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Richmond Valley News

After fire and flood, Richmond Valley puts produce on the map

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NOTICE OF MEMBERS EXTRAORINDARY LAND DEALING MEETING

After fire and flood, Richmond Valley puts produce on the map

PRODUCERS from the Richmond Valley and surrounds will stage a gourmet experience to put them squarely on the culinary map. The Richmond Valley Made Paddock-to-Plate Feast will be held under the stars in the gardens of Windara, Casino, on Friday 25 November.

Commissioned by Richmond Valley Council and delivered by agritourism and agribusiness specialists Regionality, the evening will showcase the region’s resilience, innovation, and quality. With its inception in the wake of the 2019 bushfires as part of the Australian Government’s Drought Communities Program, the event is now being staged just as floodwaters recede.

“This period has been incredibly challenging for farmers,” Regionality Managing Director Rose Wright said.

“This region’s producers faced drought and devastating fires, which led straight into a global pandemic, and then flooding. So many plans have changed, yet they’ve continued with quiet persistence.

“The paddock-to-plate event is a celebration of the incredible innovation of our region’s talented and determined producers.”

From a Whiporie-Lismore beef business to Richmond Valley pastured poultry producers, dryland rice farmers, olive and cheese producers, and flower farmers, the paddock-to-plate evening features some true gems of the region.

According to Richmond Valley Council’s Manager Community Connection Sharon Davidson, local producers have shown a dedication to adapting to challenges, and they know the importance of connecting with consumers.

“While visitors to the diverse NSW Northern Rivers region might first picture coastal hot-spots, the Richmond Valley has been the unsung agricultural powerhouse in our area for many years,” Ms Davidson said.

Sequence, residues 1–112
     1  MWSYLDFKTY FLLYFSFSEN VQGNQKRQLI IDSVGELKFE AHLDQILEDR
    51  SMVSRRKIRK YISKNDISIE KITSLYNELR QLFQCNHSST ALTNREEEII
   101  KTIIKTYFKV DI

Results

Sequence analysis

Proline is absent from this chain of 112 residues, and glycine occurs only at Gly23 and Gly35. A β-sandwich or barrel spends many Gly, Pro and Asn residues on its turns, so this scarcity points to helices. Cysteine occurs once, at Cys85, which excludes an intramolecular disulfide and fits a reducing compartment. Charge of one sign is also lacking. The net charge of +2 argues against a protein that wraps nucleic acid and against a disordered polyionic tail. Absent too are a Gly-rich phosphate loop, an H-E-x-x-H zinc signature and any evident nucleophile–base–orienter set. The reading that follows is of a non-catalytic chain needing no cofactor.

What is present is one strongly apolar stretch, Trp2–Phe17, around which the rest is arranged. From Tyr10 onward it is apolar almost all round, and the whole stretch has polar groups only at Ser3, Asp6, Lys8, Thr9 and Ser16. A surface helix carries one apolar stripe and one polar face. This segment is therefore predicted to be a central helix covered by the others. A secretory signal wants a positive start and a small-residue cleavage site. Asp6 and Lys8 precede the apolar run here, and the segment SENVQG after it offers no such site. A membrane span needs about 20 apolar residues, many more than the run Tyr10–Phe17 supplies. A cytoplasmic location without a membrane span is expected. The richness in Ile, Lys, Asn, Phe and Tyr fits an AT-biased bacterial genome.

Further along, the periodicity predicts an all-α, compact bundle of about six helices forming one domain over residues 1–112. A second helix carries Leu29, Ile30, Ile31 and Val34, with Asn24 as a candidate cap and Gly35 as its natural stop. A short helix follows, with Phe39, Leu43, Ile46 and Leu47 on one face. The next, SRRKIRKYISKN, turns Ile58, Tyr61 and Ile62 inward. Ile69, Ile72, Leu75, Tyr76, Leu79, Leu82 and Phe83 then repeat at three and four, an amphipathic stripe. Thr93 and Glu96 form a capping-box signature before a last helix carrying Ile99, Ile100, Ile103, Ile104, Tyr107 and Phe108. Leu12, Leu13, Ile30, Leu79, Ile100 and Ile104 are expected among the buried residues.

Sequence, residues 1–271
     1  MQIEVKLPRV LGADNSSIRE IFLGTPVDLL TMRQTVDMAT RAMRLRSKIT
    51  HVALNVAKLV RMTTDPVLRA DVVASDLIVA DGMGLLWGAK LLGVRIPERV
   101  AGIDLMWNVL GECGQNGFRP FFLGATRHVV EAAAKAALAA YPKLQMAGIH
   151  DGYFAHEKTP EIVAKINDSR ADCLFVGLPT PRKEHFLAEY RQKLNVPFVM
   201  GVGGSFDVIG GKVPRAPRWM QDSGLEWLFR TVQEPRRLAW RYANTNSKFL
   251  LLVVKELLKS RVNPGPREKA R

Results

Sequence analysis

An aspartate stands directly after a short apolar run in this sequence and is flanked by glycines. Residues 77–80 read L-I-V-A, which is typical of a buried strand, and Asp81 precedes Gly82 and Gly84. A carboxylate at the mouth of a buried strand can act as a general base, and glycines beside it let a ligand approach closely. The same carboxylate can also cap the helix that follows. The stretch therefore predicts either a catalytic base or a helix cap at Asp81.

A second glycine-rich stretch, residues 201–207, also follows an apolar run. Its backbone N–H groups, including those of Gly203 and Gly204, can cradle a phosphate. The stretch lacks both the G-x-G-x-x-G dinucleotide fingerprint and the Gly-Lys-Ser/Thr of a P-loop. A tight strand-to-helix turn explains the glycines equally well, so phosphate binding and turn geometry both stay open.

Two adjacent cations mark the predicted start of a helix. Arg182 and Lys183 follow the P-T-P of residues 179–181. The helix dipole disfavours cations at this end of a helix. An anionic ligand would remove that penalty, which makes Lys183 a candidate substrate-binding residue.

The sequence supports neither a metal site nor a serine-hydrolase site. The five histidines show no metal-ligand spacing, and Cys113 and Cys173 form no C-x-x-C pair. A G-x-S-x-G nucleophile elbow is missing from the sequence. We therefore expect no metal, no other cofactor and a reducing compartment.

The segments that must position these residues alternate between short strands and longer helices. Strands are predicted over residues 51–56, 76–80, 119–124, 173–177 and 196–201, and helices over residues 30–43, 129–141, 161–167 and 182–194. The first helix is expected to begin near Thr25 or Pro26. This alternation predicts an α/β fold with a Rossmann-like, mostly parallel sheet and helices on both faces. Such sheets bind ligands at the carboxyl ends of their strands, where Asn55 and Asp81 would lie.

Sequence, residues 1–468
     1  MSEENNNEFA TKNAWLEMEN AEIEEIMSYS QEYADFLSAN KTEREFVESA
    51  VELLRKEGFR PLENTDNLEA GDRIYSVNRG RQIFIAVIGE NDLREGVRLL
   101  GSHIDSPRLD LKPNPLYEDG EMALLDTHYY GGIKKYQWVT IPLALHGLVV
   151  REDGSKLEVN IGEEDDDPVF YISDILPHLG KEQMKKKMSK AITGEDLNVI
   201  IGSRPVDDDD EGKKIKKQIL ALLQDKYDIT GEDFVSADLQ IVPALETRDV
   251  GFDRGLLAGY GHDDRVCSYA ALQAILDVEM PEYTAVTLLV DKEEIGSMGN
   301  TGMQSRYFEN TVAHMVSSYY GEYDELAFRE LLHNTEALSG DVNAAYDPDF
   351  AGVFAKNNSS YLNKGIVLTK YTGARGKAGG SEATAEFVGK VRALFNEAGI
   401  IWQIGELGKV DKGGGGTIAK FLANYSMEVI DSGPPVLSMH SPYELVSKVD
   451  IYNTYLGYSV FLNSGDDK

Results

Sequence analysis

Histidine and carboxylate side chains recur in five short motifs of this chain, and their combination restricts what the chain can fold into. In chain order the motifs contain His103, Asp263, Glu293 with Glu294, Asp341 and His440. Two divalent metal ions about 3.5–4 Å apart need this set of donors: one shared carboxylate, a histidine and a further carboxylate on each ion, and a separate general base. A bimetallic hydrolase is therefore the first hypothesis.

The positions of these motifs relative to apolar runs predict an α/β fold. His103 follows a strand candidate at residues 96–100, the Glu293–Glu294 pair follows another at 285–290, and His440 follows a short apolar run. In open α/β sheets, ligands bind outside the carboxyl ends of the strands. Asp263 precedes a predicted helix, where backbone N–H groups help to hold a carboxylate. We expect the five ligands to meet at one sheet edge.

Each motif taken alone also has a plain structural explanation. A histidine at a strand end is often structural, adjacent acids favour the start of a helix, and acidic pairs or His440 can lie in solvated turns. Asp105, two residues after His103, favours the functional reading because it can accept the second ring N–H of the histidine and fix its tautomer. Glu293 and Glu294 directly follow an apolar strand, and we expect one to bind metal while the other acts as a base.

“It should be front-of-mind as a hub of quality, sustainable produce and agritourism.”

The Richmond Valley Made Paddock-to-Plate evening is a way the local community can show their support for our farming community, taste some incredible local food, and share in some of their stories.

“These producers have all weathered hardship … we have worked directly with Richmond Valley Pastures, for example, to support their shift to consumer-direct pasture-raised poultry after a massive shock to their business,” Ms Wright said.

“This event is about unassuming producers doing a wonderful job to build resilience and thrive, branching into branded and value-added produce and connecting with their consumers. It’s wonderful to have the chance to celebrate their amazing work.”

Don’t miss the Richmond Valley Made Paddock-to-Plate event.

Date: Friday 25 November, 6pm-9.30pm

Location: Windara Gardens, 235 Sextonville Road, Casino NSW 2470

Cost: $82.50 (inc GST) + booking fee

What’s included: A three-course, locally crafted menu will be served, while beverages will be available for purchase.

Scan the QR Code to book your seat at the table!

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Local News

A piece of history demolished

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Woodburn IGA
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NOTICE OF MEMBERS EXTRAORINDARY LAND DEALING MEETING

A piece of history demolished

 

By Samantha Elley

On the corner of River and Cedar Streets stands a building that has been part of the fabric of Woodburn for many years and always a general store of some type.

Most recently, up until the 2022 floods it was the local Woodburn IGA store.

Starting with pioneer, John Lang, who opened a small store on the southside of Woodburn, the Pedley Brothers took it over and replaced the old shop with a much larger store which opened in 1891.

It was two-storey and very light and airy. Haberdashery, groceries, men’s boots and general drapery were downstairs and furniture and bedding upstairs.

Oscar Schulstad took over in 1917 and it became the Excelsior Store.

A few older residents in Woodburn would remember the store being Redwoods, as well.

Woodburn IGA

The Excelsior Store as displayed on the wall of the current building

Redwoods store was badly damaged in the 1945 cyclone and it was around this time the building was replaced for one that was all brick.